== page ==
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Genealogy

AD 890?-1093

"Ardennes" Dukes of (Upper- and Lower-) Lorraine
(Aix-la Chapelle / Aachen, Antwerp and Eename, Bar, the Bidgau, the Methingau, the Sundgau, the Triergau / Trèves, Verdun)

Historical notes on Lorraine, Genealogical data

For younger generations of ancestors who are descended from this family:
see page on Boulogne
see page on De Rumigny
see page on Brabant
see page on Luxembourg
see page on Mousson
see page on Namur
see page on Chiny

Historical notes on Lorraine

The family treated in this page is usually called "Ardennes", although its members were known by many other names, depending on the areas they ruled, the most important of which was Lorraine. The present-day "circonscription d'action régionale" in the north-east of modern France between the Meuse river in the west and the Vosges mountains in the east is still called "Lorraine", but the former Kingdom of Lorraine (derived from the name of King Lotharius II) which was created in 855 was much larger, and included all lands between the rivers Scheldt, Rhine, Saône and Meuse. The kingdom of Lorraine never became a viable social entity because it straddled the border between the Romanic and the Germanic peoples, an area marked by armed conflicts up until World War II (1939-1945). It was an artificial construct, created during the fragmentation of Charlemagne's Empire. Charlemagne's successor Emperor Louis I "The Pious" had decided in 817 that his eldest son Lotharius I would be the sole heir to his Empire, in an attempt to keep it intact. Therefore, his younger sons Louis II and Pépin could only be subordinate rulers, of Bavaria and Aquitaine respectively, as vassals of their elder brother. Problems arose when Emperor Louis remarried in 823 and got a fourth son, Charles II, later called "The Bald", who also was to be given his own fiefdom within the Empire. This was against the wishes of Lotharius, who rightly feared the appearance of yet another threat to his authority.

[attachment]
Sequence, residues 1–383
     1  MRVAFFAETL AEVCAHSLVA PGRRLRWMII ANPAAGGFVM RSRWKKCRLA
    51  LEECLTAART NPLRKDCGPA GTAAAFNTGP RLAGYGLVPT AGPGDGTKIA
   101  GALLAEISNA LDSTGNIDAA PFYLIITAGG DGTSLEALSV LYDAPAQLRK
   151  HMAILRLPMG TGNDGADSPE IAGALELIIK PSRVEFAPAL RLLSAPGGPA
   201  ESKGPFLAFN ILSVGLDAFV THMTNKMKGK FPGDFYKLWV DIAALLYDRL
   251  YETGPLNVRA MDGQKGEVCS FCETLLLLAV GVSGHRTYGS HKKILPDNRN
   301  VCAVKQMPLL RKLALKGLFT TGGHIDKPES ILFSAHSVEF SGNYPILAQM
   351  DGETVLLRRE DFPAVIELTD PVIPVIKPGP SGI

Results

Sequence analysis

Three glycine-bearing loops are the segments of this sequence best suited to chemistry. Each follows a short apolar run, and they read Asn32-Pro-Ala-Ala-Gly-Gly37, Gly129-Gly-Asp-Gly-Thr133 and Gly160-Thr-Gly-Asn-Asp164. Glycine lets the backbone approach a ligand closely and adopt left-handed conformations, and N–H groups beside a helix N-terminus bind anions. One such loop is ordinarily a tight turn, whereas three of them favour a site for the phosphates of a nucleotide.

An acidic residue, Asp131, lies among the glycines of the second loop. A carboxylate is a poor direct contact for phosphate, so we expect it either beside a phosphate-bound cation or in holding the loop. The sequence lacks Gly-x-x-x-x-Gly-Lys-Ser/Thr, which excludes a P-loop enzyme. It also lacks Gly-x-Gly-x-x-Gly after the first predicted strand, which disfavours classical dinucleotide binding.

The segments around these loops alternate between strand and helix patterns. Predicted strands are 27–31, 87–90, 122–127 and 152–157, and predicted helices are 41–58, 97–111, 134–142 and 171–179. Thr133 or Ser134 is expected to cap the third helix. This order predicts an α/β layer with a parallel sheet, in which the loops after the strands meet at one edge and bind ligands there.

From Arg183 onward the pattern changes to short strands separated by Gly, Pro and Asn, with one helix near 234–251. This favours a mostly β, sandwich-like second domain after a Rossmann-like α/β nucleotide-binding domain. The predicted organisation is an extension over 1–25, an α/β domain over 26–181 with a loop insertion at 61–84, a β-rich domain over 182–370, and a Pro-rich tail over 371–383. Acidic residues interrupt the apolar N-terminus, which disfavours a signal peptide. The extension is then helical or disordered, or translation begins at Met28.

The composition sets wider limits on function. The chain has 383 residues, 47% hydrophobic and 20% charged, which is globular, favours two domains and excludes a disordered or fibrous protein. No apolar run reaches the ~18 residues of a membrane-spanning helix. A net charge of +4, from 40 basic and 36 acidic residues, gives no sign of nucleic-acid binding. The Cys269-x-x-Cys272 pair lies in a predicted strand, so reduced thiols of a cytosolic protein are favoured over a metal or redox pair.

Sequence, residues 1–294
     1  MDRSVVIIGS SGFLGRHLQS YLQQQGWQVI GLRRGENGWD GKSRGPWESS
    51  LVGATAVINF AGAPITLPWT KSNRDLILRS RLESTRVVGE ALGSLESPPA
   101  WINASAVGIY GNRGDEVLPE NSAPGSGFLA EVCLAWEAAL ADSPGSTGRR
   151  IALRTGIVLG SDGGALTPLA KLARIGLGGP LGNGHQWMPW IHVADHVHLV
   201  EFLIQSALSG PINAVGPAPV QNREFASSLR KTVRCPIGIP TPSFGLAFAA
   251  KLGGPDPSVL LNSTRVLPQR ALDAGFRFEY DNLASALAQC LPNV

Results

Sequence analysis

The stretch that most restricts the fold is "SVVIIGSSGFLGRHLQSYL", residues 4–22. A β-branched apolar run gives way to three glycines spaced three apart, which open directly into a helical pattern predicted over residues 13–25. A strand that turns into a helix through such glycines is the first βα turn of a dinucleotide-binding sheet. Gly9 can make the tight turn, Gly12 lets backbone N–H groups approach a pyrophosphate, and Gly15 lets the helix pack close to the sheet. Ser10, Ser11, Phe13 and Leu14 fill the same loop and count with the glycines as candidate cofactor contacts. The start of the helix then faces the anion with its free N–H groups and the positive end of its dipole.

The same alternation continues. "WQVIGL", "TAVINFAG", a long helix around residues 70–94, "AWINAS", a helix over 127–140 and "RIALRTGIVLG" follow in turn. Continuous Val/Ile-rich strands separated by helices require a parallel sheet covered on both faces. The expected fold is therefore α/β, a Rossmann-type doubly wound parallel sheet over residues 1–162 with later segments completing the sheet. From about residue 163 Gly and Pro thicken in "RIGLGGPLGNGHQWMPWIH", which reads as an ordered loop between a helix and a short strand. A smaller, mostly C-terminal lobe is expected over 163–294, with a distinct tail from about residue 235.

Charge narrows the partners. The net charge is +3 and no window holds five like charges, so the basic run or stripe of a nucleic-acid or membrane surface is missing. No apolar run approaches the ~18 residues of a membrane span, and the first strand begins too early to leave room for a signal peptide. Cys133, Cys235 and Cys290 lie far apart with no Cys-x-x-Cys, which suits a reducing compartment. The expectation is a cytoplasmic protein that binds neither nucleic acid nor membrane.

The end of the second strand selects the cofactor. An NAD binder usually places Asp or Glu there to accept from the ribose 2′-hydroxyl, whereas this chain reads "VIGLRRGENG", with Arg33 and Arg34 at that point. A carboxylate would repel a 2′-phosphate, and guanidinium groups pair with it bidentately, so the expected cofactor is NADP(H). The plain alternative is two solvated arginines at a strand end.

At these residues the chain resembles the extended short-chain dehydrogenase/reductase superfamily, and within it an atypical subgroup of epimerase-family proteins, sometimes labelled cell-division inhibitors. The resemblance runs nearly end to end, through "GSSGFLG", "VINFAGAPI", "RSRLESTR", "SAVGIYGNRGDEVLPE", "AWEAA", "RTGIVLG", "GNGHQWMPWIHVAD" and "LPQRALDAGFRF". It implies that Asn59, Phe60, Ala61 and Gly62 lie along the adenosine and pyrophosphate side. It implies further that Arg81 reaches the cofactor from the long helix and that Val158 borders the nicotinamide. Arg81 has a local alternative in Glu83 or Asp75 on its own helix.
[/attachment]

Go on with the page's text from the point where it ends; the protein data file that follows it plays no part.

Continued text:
The three younger brothers and their supporters were not at all satisfied with their small parts of the heritage and started waging war against their elder brother Lotharius. Emperor Louis died in 840, his son Pépin had died earlier, in 838. The remaining younger sons Charles II and Louis II combined forces and attacked Lotharius I, who was defeated in the bloody battle of Fontenoy in 841. In 843, a partition was agreed at Verdun in which Lotharius would hold on to the title of Emperor and would be given a newly created "Middle Realm", a diverse and unmanageable kingdom, stretching from the Netherlands in the north to Italy in the south. It was flanked by "West-Francia", the kingdom of his half-brother Charles II "The Bald" and "East-Francia", the kingdom of his brother Louis (Ludwig) II "The German".

Emperor Lotharius I died in 855, and the Middle Realm was divided between his three sons. Lotharius II became King of the northern part which was later called Lotharingen / Lorraine. His uncles at the western and the eastern borders saw an opportunity to gain control of this area, because Lotharius II and his wife Teutberga did not have any legal heirs. Lotharius did however have children by his concubine Waldrada (and so he still became our ancestor). Unfortunately, he could not get these children legitimated, even though he tried to repudiate Teutberga and marry Waldrada. Perhaps Charles "The Bald" was systematically using his political influence with Pope Nicholas I to frustrate these efforts. Shortly before he would have had a meeting with the new Pope Hadrianus II in 869, Lotharius II suddenly died (or was he murdered?). Lorraine was then annexed by his uncles Charles II "The Bald" and Louis II "The German", who simply divided it between them.